In Full Swing, is a survey of more than 80 works by early 20th century artist Stuart Davis now at the Whitney Museum of American Art.
With artist parents, Davis quit school at 16 to take art classes from Ashcan School painter Robert Henri, a family friend. As Henri’s star pupil, Davis was encouraged to immerse himself in his interests. He discovered jazz and began to draw his inspiration from everyday modern life in New York; shop fronts and signs, the elevated trains, and advertising.
At just 20, Davis showed watercolors in the the now legendary 1913 Armory Show (as if 20 wasn’t young enough, he said he was 18, making him the youngest in the exhibit.) But the radical new European work, especially Gauguin, Van Gogh, Picasso and Matisse, made him question his technique. He declared that he wanted,
“to become a Modern Artist.“
Had he been more influenced by that show’s radical art grandad, Marcel Duchamp, he might have wanted to become “a conceptual artist”. But instead he spent the next decade in apprenticeship to all things European, using intense color and simple graphic structure with little regard for the literal. As a precursor to pop art of the 1960s, he used labels and packages of cigarettes as source material.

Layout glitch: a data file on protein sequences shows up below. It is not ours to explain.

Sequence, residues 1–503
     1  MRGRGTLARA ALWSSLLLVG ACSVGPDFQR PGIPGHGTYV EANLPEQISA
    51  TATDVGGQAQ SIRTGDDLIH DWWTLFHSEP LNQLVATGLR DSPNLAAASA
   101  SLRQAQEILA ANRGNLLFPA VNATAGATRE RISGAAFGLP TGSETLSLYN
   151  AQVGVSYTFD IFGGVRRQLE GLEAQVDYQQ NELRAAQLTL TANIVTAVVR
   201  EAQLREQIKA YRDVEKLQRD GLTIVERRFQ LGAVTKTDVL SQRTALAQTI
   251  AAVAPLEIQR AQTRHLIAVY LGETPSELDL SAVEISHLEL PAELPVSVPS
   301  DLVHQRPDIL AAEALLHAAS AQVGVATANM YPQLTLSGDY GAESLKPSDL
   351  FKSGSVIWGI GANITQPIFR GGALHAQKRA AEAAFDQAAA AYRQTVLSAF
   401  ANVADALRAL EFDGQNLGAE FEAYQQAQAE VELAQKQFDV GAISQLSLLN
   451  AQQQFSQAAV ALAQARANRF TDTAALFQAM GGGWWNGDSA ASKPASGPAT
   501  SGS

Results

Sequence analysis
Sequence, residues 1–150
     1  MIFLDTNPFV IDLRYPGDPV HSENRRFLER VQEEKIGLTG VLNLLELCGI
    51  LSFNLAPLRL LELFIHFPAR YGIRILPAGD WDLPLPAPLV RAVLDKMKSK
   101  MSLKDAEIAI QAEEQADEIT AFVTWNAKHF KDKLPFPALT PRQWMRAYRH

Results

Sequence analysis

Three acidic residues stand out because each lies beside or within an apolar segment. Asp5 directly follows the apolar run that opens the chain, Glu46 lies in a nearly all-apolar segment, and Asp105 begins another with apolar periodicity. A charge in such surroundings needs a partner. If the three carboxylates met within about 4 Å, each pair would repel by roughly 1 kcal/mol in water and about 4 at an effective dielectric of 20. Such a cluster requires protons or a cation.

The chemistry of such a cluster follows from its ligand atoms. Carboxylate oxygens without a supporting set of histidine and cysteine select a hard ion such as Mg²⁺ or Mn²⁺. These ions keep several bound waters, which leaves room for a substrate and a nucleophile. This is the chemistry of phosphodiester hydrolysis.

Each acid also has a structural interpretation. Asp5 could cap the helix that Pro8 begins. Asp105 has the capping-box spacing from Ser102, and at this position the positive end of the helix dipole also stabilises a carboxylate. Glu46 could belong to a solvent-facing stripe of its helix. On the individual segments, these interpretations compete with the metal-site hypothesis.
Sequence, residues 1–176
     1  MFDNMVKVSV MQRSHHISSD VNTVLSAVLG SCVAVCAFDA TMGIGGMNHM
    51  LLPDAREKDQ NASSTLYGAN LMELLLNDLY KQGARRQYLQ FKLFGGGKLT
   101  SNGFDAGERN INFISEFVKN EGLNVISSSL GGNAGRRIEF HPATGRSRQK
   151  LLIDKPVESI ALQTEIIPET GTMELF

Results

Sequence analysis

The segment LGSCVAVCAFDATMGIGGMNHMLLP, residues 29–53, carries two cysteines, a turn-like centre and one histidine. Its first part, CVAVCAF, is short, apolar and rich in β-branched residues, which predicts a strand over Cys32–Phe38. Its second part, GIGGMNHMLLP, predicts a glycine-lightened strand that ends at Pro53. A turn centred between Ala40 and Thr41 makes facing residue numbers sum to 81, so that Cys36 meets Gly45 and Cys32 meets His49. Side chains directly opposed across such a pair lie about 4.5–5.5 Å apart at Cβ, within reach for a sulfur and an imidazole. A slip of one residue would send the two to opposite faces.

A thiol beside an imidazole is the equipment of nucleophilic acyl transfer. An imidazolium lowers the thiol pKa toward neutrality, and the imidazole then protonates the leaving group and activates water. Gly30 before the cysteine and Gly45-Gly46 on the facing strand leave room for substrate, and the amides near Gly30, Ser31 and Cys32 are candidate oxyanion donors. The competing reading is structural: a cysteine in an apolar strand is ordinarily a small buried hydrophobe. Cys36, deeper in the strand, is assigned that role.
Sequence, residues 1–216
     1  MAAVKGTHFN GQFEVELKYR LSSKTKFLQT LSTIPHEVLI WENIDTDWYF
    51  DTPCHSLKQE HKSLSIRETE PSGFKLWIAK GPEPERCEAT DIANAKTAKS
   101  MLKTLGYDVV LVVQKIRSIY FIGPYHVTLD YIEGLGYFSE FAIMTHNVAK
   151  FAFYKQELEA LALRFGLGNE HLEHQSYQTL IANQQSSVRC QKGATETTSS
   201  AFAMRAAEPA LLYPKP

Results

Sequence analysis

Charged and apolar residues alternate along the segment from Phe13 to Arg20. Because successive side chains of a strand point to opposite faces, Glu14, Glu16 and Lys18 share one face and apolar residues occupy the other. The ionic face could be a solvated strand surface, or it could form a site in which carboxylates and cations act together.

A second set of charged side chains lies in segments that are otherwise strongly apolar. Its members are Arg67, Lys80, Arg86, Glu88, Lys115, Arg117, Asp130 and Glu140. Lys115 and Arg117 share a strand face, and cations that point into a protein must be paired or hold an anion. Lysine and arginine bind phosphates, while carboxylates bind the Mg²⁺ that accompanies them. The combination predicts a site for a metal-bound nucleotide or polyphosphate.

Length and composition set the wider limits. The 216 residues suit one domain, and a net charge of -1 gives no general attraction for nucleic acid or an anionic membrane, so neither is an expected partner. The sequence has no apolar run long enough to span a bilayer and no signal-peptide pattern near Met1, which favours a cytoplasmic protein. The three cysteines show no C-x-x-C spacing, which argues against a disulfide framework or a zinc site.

The Whitney show starts with these “tobacco still lifes,” grouped with over-scaled light bulbs and mouthwash bottles, but as the he exhibit’s curators —Barbara Haskell and Harry Cooper say unlike the later Pop artists, Davis used the visual language of high modernism, not ads. I guess they just mean he was more OF his time than ahead of it.
After about 1940, Davis often used his own early works as starting points, recycling motifs while reinventing and embellishing them bringing them up to date. An ad for Champion spark plugs, one of his most well-recognized images is right up there with Matisse’s Jazz series.
Davis used what he termed called “color space logic” where configurations were set but color and letters, words, invented signs, patterns, etc, could be riffed on like visual jazz. In his last years, he used mostly reds, greens and oranges with black and white accents. His last painting, titled Fin, that was on the easel before his death, to me distills his style and life’s work in one image. That’s mastery –and going out in STYLE.
Stuart Davis: In Full Swing runs through September 25 at the Whitney Museum of American Art.